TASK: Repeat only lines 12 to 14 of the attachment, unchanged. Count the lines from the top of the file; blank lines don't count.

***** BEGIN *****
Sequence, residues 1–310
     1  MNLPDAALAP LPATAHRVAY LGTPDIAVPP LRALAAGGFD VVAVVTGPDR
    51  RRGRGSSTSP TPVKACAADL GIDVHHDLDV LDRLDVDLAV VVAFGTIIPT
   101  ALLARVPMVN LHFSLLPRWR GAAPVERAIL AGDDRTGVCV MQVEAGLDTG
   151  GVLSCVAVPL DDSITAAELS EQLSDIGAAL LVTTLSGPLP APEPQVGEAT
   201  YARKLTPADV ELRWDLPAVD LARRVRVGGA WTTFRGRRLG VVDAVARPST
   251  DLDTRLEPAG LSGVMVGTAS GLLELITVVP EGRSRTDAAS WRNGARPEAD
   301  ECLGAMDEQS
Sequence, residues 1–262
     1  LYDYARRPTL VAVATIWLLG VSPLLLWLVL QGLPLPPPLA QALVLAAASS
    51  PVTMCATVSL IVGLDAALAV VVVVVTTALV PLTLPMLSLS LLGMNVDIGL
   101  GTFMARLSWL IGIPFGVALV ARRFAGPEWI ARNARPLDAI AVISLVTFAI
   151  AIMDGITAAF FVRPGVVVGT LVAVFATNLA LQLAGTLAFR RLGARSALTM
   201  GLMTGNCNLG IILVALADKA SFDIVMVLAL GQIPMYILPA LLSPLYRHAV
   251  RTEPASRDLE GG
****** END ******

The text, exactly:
   101  GTFMARLSWL IGIPFGVALV ARRFAGPEWI ARNARPLDAI AVISLVTFAI
   151  AIMDGITAAF FVRPGVVVGT LVAVFATNLA LQLAGTLAFR RLGARSALTM
   201  GLMTGNCNLG IILVALADKA SFDIVMVLAL GQIPMYILPA LLSPLYRHAV